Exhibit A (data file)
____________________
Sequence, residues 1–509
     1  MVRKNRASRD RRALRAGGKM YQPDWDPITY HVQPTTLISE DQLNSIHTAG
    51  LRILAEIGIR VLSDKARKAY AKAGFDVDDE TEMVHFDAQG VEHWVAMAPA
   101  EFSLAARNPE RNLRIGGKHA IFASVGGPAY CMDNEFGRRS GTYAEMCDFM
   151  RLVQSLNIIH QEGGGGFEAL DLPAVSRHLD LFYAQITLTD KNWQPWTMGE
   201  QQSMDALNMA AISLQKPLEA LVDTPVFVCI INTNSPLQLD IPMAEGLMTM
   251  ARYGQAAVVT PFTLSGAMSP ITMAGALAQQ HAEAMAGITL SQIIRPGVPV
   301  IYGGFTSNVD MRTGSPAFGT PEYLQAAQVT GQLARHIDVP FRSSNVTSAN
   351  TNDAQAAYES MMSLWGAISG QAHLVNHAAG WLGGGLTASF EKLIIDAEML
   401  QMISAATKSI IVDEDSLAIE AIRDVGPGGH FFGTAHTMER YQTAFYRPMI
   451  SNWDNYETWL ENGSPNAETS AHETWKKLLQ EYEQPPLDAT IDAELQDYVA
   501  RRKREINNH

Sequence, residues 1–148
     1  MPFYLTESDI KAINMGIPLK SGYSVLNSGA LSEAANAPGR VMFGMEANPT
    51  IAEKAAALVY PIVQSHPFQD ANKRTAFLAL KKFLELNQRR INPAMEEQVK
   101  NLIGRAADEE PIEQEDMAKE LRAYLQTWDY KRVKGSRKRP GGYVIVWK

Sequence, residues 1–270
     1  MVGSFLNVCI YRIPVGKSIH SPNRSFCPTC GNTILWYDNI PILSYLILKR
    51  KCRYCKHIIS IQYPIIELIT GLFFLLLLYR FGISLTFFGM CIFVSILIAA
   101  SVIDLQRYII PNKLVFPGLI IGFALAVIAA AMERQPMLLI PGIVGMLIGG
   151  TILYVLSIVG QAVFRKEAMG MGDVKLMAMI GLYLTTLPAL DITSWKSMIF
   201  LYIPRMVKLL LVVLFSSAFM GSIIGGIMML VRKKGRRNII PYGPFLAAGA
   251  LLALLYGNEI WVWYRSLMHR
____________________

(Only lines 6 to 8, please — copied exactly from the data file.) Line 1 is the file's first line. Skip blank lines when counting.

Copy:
   201  QQSMDALNMA AISLQKPLEA LVDTPVFVCI INTNSPLQLD IPMAEGLMTM
   251  ARYGQAAVVT PFTLSGAMSP ITMAGALAQQ HAEAMAGITL SQIIRPGVPV
   301  IYGGFTSNVD MRTGSPAFGT PEYLQAAQVT GQLARHIDVP FRSSNVTSAN